|Physicist & Engineer|
|Specialty||Alternating current, electricity supply system|
|Born||July 10, 1856
Smiljan, Austrian Empire (modern-day Croatia)
|Died||Jan. 7, 1943 (at age 86)
New York City, New York, USA
Nikola Tesla has been referred to as the genius who lit the world. This moniker is in reference to his innovative work with electric currents. Each and every time someone turns on a light switch or, for that matter, any type of electrical device, the generation of energy can be traced back to the great work done by Tesla. His work made the conducting of electricity possible.
Tesla’s Early Life
Nikola Tesla was born in Serbia. He credits his mother for being the person who helped formulate his early education. Ironically, his mother never had a formal education herself. At the age of 14, Tesla and his family moved to Croatia. It was there Tesla attended Higher Real Gymnasium where he invested a great deal of time learning the intricacies of mathematics.
Tesla truly was a prodigy and completed his term a full year ahead of schedule. At one point in his young life, he contracted cholera and nearly died. However, he was able to regain his health and overcome the dreaded illness.
Tesla would start out as a very accomplished student at Austrian Polytechnic in Graz, Austria. During his second year at the school, Tesla developed a huge gambling addiction that took over his life. He lost all his savings and was nearly destroyed. As was the case with cholera, Tesla overcame his issues and was able to get his educational and professional career back on the right path.
Tesla’s Association with Edison
Tesla had quite a number of ups and downs throughout his life. When he moved to France in 1882, he took a job with Continental Edison Company and he worked on aiding in the improvement of electrical equipment. His success on the job eventually led to gaining a new position with the company in its New York office.
Tesla quickly became one of the most valued employees in the company. He was able to take quite a number of inefficient devices the Edison Company was producing and dramatically improve on them. Eventually, Tesla came to the realization the person who should most benefit from his skills should be himself. To achieve such ends, he went on to found his own company.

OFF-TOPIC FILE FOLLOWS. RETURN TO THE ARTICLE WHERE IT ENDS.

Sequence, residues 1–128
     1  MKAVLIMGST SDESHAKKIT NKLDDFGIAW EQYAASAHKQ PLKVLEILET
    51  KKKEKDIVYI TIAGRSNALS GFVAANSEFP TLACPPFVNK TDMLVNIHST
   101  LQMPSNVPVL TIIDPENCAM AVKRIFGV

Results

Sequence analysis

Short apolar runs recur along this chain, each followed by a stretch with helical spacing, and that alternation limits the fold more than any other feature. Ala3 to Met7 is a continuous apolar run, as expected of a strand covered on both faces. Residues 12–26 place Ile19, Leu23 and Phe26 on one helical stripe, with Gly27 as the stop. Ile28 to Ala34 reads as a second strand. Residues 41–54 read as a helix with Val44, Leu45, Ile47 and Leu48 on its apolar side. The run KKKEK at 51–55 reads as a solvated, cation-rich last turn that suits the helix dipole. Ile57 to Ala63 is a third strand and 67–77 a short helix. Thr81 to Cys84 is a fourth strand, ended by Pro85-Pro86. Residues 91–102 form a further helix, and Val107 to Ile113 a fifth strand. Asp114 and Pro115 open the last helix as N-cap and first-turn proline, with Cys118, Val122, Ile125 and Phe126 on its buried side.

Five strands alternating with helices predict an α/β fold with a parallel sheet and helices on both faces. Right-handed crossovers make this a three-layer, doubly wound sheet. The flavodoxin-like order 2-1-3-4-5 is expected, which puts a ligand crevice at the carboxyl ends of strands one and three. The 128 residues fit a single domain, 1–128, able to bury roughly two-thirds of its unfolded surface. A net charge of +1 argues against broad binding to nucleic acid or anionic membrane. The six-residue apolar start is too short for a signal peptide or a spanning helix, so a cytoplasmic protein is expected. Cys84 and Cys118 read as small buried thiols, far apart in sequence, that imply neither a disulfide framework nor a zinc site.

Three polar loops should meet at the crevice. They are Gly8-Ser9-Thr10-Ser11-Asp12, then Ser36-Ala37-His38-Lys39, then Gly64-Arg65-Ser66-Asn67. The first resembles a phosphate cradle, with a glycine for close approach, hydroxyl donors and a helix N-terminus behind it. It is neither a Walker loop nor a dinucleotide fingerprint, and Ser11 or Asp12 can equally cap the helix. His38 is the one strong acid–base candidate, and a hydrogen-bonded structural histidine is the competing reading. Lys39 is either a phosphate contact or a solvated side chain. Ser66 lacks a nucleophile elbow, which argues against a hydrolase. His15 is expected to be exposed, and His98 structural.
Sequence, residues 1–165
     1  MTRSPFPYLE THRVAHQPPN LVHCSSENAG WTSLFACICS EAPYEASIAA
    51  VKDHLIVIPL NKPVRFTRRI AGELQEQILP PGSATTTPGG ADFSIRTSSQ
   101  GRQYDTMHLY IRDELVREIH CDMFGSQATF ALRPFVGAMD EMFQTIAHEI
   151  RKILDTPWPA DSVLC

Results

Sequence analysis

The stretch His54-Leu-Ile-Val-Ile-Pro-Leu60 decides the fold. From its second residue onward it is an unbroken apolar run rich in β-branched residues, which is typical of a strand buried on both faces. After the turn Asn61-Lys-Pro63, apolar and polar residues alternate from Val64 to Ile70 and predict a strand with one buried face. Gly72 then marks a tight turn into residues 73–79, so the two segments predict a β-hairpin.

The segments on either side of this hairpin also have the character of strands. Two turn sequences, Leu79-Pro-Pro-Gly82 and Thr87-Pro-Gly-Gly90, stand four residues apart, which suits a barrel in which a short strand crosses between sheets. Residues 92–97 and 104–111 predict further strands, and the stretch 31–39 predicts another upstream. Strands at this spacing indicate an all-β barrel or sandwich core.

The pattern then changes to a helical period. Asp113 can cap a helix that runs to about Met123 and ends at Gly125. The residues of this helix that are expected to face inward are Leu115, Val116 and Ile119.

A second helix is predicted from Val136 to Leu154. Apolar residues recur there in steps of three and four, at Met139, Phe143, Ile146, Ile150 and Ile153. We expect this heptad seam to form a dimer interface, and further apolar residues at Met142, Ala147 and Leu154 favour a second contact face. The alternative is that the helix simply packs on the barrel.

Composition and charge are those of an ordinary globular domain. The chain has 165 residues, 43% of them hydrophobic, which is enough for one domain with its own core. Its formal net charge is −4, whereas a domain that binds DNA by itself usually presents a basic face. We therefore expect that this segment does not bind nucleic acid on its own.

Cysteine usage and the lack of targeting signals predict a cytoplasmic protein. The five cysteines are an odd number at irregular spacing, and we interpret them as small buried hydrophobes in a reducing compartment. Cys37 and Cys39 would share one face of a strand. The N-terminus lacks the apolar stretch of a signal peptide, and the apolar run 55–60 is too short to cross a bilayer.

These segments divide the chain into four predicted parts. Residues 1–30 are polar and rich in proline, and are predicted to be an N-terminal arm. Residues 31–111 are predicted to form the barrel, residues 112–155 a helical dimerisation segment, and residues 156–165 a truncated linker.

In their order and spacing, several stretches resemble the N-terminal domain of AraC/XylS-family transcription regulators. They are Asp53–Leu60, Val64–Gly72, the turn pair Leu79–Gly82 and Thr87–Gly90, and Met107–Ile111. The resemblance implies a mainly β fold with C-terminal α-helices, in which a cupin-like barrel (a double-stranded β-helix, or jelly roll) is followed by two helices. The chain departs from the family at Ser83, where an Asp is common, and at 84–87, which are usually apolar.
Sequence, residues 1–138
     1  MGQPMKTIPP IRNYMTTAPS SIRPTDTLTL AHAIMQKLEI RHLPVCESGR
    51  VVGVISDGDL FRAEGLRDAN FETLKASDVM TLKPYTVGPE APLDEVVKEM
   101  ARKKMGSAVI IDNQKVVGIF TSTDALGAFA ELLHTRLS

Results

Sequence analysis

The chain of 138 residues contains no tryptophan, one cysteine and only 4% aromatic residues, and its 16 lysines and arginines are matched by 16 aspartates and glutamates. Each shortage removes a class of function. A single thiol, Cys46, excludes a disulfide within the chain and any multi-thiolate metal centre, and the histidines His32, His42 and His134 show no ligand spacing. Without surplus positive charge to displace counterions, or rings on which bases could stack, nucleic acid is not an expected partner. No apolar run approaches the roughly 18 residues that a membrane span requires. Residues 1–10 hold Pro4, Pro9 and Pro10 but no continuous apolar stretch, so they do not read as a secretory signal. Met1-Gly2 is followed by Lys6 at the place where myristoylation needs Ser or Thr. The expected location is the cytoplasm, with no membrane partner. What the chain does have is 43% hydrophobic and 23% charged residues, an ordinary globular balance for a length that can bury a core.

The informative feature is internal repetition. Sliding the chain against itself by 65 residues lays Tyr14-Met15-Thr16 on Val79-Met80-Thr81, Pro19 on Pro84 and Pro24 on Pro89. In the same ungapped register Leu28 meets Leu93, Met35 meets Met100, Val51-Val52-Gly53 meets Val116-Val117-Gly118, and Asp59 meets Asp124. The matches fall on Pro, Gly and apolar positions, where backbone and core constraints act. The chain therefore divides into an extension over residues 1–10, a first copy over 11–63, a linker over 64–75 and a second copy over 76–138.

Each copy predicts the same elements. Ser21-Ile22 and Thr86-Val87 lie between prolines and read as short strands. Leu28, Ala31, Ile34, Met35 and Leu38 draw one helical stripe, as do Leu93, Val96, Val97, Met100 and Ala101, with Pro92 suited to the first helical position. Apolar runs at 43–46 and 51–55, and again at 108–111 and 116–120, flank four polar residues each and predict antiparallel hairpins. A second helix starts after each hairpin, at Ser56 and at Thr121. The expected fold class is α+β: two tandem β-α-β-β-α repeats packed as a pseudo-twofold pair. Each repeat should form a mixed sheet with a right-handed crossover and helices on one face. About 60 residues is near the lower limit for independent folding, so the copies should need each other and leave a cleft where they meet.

Tesla Goes into Business
In 1886, Tesla established his own business, Tesla Electrical Light & Manufacturing. As the CEO of the company, he came up with the idea for alternating current transmission systems. His investors thought it was a horrible idea and fired him. Tesla ended up destitute and had to take a job as a ditch digger.
In the spring of 1887, new investors helped him launch the Tesla Electric Company and the new company went to work on creating alternating current transmission systems and its corresponding motors. Attempts at creating AC motors were being made by scores of inventors because AC power had tremendous potential over current forms of electricity.
Hired by Westinghouse
Eventually, Tesla was able to create the only motor that could generate the power. Once the Westinghouse Electric & Manufacturing Company’s chief, George Westinghouse, learned of this, Tesla was offered a lucrative licensing agreement along with a monthly salary as a consultant. His days of struggling were seemingly over.
Tesla did not exactly have a smooth relationship with the other engineers at Westinghouse. There were enormous disagreements over many projects. Overall, Tesla seemed to do well with the company and was able to reap many rewards from his association with it.
Tesla’s Further Inventions
Tesla was not someone who ever stopped working and innovating. He developed an early version of wireless energy transmission and soon followed it with the Tesla Coil. The Tesla Coil was a transformer circuit like no other that had been seen at the time. Soon after, be began working on the very early discoveries of X-rays.
Probably his greatest work at this point in his life was in areas related to radio wave transmissions. This would set the stage for the creation of the radio. Radio wave transmissions could also power boats and the military was greatly interested in these innovations.
Nikola Tesla lived a long and productive life until heart disease took him at the age of 86.